Stats You Could Never Live Without
Trip Start Aug 25, 2011
47Trip End Sep 26, 2012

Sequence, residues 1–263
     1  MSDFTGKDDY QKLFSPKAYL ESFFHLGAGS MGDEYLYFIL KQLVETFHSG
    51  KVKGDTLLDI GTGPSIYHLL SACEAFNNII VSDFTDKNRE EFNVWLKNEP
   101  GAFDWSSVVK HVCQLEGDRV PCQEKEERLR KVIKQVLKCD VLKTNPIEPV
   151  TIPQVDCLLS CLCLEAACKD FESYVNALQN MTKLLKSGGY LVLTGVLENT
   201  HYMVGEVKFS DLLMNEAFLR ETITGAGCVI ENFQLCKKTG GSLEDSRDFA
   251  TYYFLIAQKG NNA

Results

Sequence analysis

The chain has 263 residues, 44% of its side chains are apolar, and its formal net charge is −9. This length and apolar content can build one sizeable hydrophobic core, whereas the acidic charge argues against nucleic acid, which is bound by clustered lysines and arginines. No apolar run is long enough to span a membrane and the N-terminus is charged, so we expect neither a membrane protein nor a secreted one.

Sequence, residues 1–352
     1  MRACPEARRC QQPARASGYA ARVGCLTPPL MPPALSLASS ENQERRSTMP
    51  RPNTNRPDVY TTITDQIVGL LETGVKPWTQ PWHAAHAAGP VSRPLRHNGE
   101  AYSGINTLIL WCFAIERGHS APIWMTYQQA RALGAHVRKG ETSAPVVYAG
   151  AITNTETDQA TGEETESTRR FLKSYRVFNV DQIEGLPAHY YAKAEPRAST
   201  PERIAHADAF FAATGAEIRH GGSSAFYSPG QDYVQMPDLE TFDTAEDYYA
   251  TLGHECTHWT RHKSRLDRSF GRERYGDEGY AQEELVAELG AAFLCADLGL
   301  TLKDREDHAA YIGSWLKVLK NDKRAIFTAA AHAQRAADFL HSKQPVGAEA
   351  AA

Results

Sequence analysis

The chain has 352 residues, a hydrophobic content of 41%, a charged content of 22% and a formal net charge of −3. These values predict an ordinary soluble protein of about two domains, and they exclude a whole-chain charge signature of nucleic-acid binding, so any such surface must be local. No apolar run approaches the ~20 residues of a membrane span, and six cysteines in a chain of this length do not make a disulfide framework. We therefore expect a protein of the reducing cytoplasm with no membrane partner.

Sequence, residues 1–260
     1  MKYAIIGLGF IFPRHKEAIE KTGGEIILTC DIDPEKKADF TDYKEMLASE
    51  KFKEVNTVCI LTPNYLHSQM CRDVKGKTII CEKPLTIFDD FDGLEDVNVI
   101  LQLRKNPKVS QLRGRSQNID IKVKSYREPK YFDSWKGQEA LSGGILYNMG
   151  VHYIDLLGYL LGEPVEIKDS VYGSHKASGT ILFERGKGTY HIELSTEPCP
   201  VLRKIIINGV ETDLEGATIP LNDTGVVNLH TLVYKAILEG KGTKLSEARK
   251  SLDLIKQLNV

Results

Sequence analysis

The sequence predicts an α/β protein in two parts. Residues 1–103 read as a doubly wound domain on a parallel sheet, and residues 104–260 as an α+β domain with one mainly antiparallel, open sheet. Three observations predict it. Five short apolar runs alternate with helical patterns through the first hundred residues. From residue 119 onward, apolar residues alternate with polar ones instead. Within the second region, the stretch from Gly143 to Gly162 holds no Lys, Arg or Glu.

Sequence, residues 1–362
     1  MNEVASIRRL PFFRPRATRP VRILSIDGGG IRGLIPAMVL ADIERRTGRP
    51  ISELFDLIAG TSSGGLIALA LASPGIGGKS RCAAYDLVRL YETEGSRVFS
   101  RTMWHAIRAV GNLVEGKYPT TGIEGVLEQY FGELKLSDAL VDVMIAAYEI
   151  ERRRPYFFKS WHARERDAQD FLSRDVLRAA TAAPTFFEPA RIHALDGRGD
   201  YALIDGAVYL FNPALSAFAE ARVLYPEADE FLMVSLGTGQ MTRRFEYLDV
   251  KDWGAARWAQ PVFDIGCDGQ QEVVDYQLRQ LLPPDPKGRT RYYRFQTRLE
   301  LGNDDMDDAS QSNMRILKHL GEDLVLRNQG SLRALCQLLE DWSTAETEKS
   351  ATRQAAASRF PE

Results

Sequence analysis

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I browsed through the all reliable source called the World Wide Web for some information, hard cold facts backed up by my own, errrm, research. First, I wanted to find some sort of statistic on swearing. I could swear (sorry, couldn’t help myself) that I saw somewhere that the Irish are at the top of the list. Maybe I just made that up, since I couldn’t find anything on the net. How do you measure swears? It’s different than in the states. At home, much swearing is almost a type of anger, even if the person speaking is not angry. For instance, in the states, we slam our finger in the door, we holler obscenities. Another example, we put rather graphic phrases together. A popular one – Mother Eff-you-know-what. It’s brutal! And yet another way Americans swear that I can think of is just to make a scene, look cool, draw attention, show others that you are living on edge. High school teachers know what I am talking about. As I would substitute teach and listen to kids’ lips flap in the wind, I notice how they really don’t mean what they say. They may even look around, searching for approval. They are cool kids, after all. The Irish, on the other hand, just swear. No reason, no purpose behind it, no attempt to be the rebel. And the funny part is, it doesn’t hurt my ears. Everyone does it. My profs, even the quieter ones, slip a few here and there. It’s not like at home where you have that one professor (people at Cal State Fullerton can relate. Dr. Rodgers, anyone?). Here, people don’t walk around the halls laughing about the colorful words a professor said. Instead, they will laugh about the entire package of a professor that might perhaps be more colorful than others. Who’s grand idea was it to give our professor Niall a megaphone during our fire alarms? Not only does he yell his obscenities on the loud speaker, he plays the tin whistle and makes fun of students. All with a megaphone. And when I say everybody swears, I mean it. Not only do students like to shoot out the four-letter words as they have a pint, the folks serving those pints like to, also. So do the folks serving your coffee. Once I asked a coffee man to grind some beans for me. The grinds were sticking to his machine, so he called them "s*** beans" and said he shouldn’t have agreed to grind them for me, they’ll ruin his machine. So much for being greeted with a smile. Yet, he wasn’t angry, and he still chatted with me. He held no grudge. He just fancied making a few obscene comments. People walking around the streets like to share a few exciting words, too. And so does the television, no bleeps. And the words are not just in anger. They just, well, are. Some that I hear more often – where I might say “wow” or “ay” in amazement or exasperation, they say “Jesus,” which sounds like "Jaysus!" The tamer version of exasperation is "Och," which I first read in Angela's Ashes, then got extremely excited when I heard it in real life. They also will string a few together in a sort of sigh or exclamation, “effin’ hell!” And when they don’t want to go out with the eff word, the Irish have their own version, which I hear often. “Feck” or "Feckers." Apparently, that version is the one that you say when you are trying to watch your mouth, though to my American ears, it hardly seems nicer. Funnier, yes. Grandmothers say it, to boot! I guess it’s like when we say “fudge” or “frick,” only it feels a bit more on edge. My favorite is one combination I honestly can't say I've heard before, "For eff's sake!" And here, I hear it several times a day. Usage example:Me - "For St. Patrick's Day we should watch Darby O'Gill and the Little People." Irish response - "For eff's sake!" Nothing else, case closed. I could go on with funny swears, but I won’t for sake of boring you all with too much writing on one subject. But I will end with this: the part that amazes me the most is that NOBODY CARES. Words fly, and no one gives a you-know-what. No one scoffs. No one stares. You sit in a restaurant, even a fast food joint or pub with children around, and I have not once heard anyone get upset or even shoot one judgmental glare. Swearing is just there, just a part of normal vocabulary, everywhere. Which is why I thought there was some statistic I could share with you about how the Irish were the top swearers in the world or something like that, but unfortunately I couldn’t find anything. Any of my readers find otherwise?